Providing women with equal opportunities to pursue and excel in STEM careers narrows the gender pay gap, prevents biases and enhances women’s economic security, ensuring a diverse and talented STEM workforce.
In a recently published research study, undertaken by Dr Catherine Hill and Christianne Corbett Andresse St. Rose, Ed.D, data showed that no matter at which institution such research had been undertaken, (highlighted in various articles in Women in Science), experts found corresponding issues and challenges impacting female scientists across STEM.
As data regarding this subject could only be found for the United States (US), it would be safe to say that the same challenges, if not more so, faced female scientists on the African continent. These include socio-economic factors, lack of proper education and information, mentoring and familial obligations inherently part of the African patriarchal system.
Of all STEM workers in the US, 73% were male. In 1970, only 8% of STEM workers were women. However by 2019, the STEM proportion had increased to 27%.
The American Association of University Women (AAUW) *see below report showed that more females were awarded bachelor’s degrees than men 58%/42%), but in STEM, this figure showed only 36% successful degrees obtained by women, while 64% of American men were awarded their degrees. It proved that even in First-World countries, girls and women are limited by their training and options to enter the STEM fields in post-secondary education. Men vastly outnumber female STEM majors at college, especially in areas where the highest income jobs are found – computer science and engineering
While many young women graduate from high school with the necessary skills to major in STEM, the National Science Board and the National Academy of Sciences in the States found that the culture of academic departments in colleges and universities, did not favour women.
Jane Margolis and Allan Fisher’s research on women in computer science at Carnegie Mellon University found departmental culture to play a major role in decisions of female STEM students to remain in or leave these majors. These researchers demonstrated that small changes in recruitment, admissions and course work, while creating and promoting opportunities for positive interactions among students and between students and faculty staff, could make a big difference in students’ experiences.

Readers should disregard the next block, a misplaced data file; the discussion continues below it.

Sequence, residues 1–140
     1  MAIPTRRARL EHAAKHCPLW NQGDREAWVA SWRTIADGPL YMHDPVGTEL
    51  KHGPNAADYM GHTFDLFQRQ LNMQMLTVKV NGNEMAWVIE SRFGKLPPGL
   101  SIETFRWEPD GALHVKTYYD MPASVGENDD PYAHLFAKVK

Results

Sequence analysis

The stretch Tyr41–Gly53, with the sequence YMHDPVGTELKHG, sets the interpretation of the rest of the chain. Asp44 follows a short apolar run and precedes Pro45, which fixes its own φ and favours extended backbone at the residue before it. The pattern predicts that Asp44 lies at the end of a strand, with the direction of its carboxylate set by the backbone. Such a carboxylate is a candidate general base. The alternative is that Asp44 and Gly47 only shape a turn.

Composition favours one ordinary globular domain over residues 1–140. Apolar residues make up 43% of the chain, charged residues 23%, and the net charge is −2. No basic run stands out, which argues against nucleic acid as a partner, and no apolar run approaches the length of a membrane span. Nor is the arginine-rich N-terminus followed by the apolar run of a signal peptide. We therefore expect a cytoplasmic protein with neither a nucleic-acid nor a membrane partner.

“If you feel like you don’t fit or belong—for whatever reasons—your satisfaction is bound to be lower because not only is it human nature to want to belong, it is crucial for getting tenure” — Cathy Trower – research director Collaborative on Academic Careers in Higher Education (COACHE), Harvard University.
Despite female representation increasing among STEM disciplines, women remain underrepresented among tenured faculty. Across the fields of physics, engineering and computer science, female involvement are minimal at every level, urgently calling for positive interventions to attract and retain female faculty is critical.
Various suggestions had been made in the Hill and St Rose research paper to improve the situation. They found that for progress to occur in STEM fields, teachers and academic leaders should be selected from the entire pool of talented and qualified individuals. Also, female faculty could assist to recruit and retain female students from other underrepresented groups. With job satisfaction showing up as key to retention, women and people of colour are more likely than white men to report being less satisfied with the academic workplace.
Other areas this report highlighted the necessity for implicit association tests on gender and science and competence and likability for women in “male” professions.
Note: This research project had been undertaken for The American Association of University Women (AAUW), America’s leading organisation promoting equity and education for women and girls.